Delays: building in progress


I had originally intended that the first Convivial Café experiment would draw to a close in a few week’s time. Instead it has not yet begun. I have nobody to blame except myself, and my ability to complicate things or to spot potential complications, depending on your point of view. Let me try to explain what has happened so far and, more importantly, what will happen at Halloween.

The story so far

I began with the intention of updating the virtual café methodology that Peter Small developed almost twenty years ago. I asked myself how he actually organised them in practice, and I remembered that he used a mailing list for each table in the café. This seemed a bad idea in 2016 for several reasons. Firstly it would require a lot of manual fiddling at my end. Secondly, it would mean that participants each got a digest in their email once a day, and maybe more often. People’s mail habits have changed in twenty years and I doubted that people who welcome this. Thirdly this meant that the café would have no social elements at all, and this seemed to be a wasted opportunity at the very least.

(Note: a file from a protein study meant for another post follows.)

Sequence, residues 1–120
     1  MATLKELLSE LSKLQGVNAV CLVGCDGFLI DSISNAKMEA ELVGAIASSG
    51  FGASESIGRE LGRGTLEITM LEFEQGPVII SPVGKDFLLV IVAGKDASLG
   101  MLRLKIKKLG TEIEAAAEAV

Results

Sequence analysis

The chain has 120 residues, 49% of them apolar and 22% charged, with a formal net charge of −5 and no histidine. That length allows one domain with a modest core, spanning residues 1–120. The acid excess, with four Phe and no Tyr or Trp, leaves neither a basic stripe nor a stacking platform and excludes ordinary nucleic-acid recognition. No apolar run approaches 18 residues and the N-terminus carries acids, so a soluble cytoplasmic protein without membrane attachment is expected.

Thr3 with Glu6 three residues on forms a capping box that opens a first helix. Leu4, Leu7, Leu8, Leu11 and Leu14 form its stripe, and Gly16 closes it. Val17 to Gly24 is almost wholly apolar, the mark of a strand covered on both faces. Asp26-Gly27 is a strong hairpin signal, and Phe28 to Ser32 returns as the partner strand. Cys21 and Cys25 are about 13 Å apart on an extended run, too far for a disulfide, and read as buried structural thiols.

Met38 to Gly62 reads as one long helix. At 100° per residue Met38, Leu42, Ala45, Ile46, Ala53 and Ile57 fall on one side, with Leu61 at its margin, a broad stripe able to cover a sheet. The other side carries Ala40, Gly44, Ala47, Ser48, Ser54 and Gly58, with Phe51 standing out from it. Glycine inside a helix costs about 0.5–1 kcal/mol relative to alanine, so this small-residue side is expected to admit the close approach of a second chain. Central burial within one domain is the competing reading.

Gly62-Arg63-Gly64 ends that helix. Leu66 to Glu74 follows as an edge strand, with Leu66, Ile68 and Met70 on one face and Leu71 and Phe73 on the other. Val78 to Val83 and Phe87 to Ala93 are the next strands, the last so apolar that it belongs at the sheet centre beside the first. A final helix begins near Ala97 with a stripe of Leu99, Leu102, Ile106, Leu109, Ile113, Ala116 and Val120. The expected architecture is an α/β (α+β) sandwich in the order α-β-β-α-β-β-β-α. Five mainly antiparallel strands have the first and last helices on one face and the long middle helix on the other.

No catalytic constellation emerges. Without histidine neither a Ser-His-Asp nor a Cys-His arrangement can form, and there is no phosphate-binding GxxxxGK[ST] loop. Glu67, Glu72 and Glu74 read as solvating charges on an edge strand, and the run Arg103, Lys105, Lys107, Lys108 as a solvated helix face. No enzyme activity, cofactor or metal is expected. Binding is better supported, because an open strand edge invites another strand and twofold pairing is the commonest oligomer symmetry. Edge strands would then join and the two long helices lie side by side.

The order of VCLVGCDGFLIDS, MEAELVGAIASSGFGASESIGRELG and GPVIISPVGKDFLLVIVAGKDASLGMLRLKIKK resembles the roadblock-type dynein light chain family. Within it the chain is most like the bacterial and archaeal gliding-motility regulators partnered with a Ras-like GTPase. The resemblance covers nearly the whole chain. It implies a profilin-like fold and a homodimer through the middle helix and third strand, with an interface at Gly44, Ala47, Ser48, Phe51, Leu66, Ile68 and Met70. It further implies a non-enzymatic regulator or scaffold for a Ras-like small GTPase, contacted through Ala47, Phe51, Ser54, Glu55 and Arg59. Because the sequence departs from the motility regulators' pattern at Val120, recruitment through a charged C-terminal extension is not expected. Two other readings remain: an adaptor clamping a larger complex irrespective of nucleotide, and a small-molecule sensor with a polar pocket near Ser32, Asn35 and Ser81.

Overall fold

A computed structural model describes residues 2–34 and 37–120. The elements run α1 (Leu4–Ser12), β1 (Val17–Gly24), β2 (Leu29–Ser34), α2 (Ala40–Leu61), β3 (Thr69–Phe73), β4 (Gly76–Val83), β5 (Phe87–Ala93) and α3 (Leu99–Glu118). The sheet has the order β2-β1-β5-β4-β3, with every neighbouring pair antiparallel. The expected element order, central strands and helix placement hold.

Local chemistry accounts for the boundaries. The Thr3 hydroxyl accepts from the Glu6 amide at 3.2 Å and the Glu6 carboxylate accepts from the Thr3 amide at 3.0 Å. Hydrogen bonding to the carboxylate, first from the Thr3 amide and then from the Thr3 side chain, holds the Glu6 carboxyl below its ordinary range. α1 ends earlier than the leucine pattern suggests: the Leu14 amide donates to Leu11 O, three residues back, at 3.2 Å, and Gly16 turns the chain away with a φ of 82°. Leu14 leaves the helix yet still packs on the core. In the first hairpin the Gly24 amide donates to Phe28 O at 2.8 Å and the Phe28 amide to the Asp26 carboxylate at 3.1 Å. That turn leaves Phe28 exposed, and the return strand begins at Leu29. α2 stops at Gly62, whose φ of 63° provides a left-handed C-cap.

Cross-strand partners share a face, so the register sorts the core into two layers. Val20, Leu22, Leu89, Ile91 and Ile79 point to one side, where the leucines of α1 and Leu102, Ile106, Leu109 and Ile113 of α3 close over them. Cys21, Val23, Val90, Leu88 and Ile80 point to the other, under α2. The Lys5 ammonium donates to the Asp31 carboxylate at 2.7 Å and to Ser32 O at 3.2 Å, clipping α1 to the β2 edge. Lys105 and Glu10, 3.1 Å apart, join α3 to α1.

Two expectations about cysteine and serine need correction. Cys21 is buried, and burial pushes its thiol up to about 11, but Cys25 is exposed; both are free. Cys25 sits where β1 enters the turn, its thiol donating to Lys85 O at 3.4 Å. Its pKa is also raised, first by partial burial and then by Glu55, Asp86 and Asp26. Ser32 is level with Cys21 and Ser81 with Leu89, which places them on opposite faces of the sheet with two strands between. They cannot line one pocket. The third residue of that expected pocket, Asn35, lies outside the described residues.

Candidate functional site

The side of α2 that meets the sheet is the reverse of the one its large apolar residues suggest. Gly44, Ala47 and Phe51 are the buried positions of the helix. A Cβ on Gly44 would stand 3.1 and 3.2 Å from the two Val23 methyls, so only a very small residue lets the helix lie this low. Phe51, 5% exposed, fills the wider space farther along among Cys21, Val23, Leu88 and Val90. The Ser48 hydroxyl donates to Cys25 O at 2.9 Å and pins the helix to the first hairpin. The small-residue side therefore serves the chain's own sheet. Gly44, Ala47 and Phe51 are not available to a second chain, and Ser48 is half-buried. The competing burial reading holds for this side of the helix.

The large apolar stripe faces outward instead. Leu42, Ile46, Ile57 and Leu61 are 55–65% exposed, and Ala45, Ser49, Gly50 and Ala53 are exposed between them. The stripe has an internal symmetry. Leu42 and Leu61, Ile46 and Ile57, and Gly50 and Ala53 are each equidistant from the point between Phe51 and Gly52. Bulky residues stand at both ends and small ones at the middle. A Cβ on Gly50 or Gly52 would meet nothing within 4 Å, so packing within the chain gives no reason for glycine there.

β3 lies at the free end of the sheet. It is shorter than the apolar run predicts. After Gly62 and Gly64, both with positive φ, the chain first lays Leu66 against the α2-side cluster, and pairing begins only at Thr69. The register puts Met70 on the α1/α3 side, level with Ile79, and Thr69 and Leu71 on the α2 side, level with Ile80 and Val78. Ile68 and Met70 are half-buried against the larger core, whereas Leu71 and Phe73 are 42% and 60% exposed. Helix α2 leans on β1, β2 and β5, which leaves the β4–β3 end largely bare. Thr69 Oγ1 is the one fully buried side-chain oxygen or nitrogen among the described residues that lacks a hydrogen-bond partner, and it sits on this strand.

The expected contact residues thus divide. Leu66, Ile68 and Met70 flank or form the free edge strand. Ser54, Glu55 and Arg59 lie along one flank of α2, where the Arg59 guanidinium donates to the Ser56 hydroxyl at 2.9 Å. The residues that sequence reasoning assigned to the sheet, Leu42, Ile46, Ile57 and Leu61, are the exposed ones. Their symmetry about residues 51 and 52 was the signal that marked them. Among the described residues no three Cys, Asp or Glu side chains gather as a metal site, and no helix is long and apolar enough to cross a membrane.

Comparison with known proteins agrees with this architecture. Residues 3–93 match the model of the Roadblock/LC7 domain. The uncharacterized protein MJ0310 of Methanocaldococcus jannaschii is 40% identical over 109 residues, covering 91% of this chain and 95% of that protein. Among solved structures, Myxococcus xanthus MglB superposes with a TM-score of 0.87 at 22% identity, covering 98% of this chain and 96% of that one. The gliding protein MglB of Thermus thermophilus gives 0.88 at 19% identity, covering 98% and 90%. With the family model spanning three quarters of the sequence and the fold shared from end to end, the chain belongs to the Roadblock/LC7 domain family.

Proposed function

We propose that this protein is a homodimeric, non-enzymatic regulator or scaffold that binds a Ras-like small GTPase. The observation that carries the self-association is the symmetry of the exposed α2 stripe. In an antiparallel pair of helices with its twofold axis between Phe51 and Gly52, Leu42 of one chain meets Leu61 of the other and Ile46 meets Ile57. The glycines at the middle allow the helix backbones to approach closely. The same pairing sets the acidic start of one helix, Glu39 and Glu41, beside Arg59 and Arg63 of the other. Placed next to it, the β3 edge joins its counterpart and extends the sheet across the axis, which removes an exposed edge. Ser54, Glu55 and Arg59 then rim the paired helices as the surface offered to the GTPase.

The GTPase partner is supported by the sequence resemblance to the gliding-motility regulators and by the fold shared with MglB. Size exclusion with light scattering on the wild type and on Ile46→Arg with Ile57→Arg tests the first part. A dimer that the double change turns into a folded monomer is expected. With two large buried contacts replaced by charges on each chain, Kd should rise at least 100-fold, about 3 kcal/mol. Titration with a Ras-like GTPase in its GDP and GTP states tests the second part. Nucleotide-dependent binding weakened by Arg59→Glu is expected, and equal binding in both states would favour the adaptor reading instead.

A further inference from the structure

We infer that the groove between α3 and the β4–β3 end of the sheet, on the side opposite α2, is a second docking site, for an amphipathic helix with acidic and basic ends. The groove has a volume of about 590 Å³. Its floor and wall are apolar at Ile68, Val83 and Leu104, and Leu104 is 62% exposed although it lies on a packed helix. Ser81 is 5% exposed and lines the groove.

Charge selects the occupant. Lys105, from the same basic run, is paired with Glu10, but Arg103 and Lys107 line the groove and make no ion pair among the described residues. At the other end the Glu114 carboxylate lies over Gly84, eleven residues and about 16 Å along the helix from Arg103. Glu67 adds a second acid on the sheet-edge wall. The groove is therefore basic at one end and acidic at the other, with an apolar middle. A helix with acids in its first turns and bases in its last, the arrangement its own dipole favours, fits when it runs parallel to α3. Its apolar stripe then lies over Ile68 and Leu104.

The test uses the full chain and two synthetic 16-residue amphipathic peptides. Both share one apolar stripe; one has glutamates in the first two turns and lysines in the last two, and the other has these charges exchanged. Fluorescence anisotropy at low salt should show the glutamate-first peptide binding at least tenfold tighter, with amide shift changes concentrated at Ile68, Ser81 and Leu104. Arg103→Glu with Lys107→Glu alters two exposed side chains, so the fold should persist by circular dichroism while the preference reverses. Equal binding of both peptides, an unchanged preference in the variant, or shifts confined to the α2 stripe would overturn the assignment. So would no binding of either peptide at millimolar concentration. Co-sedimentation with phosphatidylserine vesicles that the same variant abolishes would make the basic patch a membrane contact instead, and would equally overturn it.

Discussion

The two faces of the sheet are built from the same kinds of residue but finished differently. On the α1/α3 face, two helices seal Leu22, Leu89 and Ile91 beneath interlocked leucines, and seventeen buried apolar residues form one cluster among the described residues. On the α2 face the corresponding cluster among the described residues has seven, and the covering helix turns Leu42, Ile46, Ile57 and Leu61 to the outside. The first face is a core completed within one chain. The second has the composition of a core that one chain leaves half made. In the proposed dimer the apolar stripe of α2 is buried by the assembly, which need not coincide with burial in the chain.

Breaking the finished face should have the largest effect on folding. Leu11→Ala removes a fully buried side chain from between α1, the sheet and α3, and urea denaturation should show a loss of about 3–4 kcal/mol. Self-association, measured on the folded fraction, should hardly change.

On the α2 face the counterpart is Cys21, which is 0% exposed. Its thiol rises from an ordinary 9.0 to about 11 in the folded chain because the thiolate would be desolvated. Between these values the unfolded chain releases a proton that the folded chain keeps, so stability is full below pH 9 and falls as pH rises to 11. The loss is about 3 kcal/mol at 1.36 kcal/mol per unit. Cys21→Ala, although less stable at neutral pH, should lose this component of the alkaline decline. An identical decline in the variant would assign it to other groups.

I therefore looked for an alternative approach and I experimented with forum software. Initially this seemed to offer a perfect solution but then I began to see limitations and problems. Forums have their own history and many people “know how to behave” on them. I looked at the Guardian’s Comment Is Free forums and these confirmed my fears. Forums lend themselves, for both technical and cultural reasons, to a particular kind of smart-alec-ness. Every discussion on Brexit in Comment Is Free, for example, has devolved into trivial name-calling and flip sarcasm.

Finally I looked at social media software, and decided to use BuddyPress. However this needs to be attached to a website and that served to fuse two projects together.